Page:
After reading andstudying the arguments, John made his decision against the Franciscans in a bull in 1323 entitled“Quum inter nonnullos” wherein he manifestly denied any factual or scriptural claim to rectitudethat the Franciscans might have had and, further, said that “to pertinaciously affirm in the preceeding [matter, that Christ and the apostles owned nothing] is wicked to opine. We dodelcare[
], after [having taken] the counsel of our brothers [
the cardinals
], this pertinaciousassertion to be deservedly censured as contrary to sacred scripture, inimical to Catholic doctrine,and heretical.”
 This bull was the capstone to a long and controversial history of religiously overtoned power politics executed for good or ill by a line of popes (and bishops) originating with Sylvester in the time of Constantine. As Ockham was a Franciscan, he no doubt took offense to theextreme manner by which John XXII established the 'canonical' opinion in opposition to precedent and forbade debate thereupon. For whatever reason, he changed the nature of thedebate by questioning the nature and role of the power that Christ (may have) willed to thechurch and Peter in particular.Ockham begins by stating that some believe that “it is tantamount to sacrilege to doubtthe worthiness of one whom the emperor has chosen”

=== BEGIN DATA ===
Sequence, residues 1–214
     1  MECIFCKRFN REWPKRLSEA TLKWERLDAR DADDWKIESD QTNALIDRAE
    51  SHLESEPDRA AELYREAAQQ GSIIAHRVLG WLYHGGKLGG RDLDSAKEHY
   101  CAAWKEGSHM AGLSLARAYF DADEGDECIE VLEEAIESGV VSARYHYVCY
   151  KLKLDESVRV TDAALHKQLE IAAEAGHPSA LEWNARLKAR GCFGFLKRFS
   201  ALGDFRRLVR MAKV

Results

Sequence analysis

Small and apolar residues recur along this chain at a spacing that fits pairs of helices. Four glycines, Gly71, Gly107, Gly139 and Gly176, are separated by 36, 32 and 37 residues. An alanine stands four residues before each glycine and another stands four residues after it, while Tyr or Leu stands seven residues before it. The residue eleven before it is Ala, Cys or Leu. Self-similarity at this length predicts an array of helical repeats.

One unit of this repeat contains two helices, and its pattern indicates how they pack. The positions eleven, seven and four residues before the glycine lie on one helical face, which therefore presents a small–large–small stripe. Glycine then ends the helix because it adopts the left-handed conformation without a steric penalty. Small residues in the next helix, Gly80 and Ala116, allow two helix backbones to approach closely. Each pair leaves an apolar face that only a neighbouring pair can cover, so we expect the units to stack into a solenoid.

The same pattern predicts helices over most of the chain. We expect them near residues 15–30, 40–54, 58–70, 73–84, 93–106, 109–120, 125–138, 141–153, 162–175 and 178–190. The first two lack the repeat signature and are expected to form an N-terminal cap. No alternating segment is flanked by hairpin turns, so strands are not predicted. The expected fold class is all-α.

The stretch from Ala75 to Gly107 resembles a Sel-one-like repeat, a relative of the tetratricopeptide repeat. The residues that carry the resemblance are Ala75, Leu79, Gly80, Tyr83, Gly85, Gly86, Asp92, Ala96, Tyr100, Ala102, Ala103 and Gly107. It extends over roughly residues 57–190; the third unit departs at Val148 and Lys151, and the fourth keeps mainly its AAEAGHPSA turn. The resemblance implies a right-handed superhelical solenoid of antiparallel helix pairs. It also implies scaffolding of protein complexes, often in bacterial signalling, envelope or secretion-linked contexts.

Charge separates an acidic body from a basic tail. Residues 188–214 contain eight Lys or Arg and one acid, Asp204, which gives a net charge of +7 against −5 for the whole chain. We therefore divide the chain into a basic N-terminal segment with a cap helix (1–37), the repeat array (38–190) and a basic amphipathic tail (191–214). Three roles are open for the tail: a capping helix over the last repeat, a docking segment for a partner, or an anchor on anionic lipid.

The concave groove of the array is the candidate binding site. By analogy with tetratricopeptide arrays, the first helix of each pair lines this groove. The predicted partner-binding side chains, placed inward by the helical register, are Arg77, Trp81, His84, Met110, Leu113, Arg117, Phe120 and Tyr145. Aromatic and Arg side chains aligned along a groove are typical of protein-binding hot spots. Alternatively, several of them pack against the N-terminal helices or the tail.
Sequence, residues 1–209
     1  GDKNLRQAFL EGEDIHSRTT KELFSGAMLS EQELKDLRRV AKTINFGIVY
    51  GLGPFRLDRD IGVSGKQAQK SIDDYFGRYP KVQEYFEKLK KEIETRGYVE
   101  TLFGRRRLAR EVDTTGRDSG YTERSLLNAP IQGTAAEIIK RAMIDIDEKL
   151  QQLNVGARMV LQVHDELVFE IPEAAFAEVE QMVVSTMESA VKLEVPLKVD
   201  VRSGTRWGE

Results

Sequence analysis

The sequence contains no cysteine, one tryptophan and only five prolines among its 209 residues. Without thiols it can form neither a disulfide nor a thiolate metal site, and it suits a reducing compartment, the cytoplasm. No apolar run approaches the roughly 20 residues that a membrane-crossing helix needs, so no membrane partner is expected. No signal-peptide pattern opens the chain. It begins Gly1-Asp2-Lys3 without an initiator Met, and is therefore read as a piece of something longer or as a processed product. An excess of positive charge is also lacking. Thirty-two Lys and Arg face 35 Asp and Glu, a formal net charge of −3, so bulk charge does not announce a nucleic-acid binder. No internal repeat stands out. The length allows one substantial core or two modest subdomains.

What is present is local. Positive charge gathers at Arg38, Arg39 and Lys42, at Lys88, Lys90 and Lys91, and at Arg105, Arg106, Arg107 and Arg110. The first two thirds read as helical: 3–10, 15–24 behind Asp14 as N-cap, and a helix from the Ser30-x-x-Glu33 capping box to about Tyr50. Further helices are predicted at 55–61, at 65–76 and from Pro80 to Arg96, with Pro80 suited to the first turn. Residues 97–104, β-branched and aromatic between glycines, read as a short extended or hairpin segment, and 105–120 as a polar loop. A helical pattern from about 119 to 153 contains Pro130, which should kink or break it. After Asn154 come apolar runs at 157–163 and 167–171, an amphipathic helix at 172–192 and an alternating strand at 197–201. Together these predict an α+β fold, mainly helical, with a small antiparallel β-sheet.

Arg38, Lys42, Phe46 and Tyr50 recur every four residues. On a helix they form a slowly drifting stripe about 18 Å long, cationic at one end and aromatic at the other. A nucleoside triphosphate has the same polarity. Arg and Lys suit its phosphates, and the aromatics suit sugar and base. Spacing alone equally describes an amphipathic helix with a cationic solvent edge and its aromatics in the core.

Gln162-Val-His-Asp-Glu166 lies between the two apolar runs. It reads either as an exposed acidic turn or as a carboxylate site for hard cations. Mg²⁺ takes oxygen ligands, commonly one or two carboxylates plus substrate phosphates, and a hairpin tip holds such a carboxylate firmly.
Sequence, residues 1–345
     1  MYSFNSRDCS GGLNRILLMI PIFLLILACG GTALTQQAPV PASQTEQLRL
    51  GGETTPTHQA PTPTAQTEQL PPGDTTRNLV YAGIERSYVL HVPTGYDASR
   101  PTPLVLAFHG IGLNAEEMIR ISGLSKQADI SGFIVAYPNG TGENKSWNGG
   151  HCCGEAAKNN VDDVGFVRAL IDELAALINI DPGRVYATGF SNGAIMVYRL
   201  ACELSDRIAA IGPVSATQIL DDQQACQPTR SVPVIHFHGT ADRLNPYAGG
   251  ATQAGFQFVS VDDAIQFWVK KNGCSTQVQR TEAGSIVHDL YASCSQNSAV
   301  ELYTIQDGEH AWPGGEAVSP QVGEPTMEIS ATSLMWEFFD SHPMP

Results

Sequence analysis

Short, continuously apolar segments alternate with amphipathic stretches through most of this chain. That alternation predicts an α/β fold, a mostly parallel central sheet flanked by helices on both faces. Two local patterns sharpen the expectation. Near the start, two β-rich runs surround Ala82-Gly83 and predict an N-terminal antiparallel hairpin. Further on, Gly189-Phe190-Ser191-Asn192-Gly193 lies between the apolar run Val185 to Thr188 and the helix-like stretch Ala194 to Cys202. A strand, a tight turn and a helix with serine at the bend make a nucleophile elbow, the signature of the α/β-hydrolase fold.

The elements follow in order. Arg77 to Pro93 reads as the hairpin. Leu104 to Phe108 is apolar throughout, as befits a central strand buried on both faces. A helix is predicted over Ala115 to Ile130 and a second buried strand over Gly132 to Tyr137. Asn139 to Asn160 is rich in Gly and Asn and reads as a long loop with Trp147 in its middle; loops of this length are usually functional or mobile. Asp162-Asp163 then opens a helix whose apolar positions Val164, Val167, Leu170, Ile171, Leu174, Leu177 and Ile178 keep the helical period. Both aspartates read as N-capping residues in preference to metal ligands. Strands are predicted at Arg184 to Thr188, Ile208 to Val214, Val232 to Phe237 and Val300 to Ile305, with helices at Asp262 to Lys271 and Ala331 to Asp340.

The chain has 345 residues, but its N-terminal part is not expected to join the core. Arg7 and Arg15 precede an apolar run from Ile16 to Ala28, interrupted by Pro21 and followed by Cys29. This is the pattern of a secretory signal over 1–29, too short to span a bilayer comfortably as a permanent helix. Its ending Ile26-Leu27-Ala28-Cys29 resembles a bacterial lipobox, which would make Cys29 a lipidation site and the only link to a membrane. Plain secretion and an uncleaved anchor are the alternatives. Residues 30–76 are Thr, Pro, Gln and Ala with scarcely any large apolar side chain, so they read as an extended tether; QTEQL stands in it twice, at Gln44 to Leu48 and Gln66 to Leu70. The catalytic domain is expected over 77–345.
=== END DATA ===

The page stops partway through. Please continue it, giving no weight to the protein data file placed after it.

, a proposition no doubt stronger when one
Chris FruehHistory of Medieval Political ThoughtSeminar Paper Page 3 of 13adds the religious dimension of divine designation. In fact, Gratian himself expands thestatement thus. But Ockham does not tackle this as bluntly as one would expect given thecrippling effects such a preconception has upon the strengths of his argument. Rather he says that“the intention of taking away or reducing papal power... must be regarded as impermissible”,though he adds a clause saying the examining the office of the pope for instruction in where his jurisdiction begins or the nature of his power is justified.
I feel that such a distinction iscontradictory given the claims the popes of times past had made. If a pope has indeed made aclaim to an expansion of power where it is unjustifiable, and the secular power acceded to the pope, then any conservative examination of the justifiable limits to the pope's power will resultin “taking away or reducing papal power”, albeit in this hypothetical case unjustified power.Given this concept and the assertions Ockham makes later in the text regarding the hereticalnature of the 'fullness of power' claims, I believe Ockham added this passage to overtly assuagethe inquisition about the nature of his text. In this, the passage resembles the final chapter of 
 Il  Principe
, a text several decades in the future.Ockham spends the next pages detailing various theological and rational arguments as towhy it is imperative for subjects to examine the power of the rulers. The sources he cites rangefrom Augustinus Triumphus
to the epistle of St. Peter 
. His conclusion is what is salient becausethe rest of his argument hinges, as is obvious, upon whether such a discussion is not heretical.Pope Nicholas III had sealed all discussion on the matter having ruled in favor of the Franciscansin
 Exiit qui seminat 
, a situation that would force John XXII to first legislate that overturning a predecessor's ban on discussion was legal
before a second legislation overturning the ruling that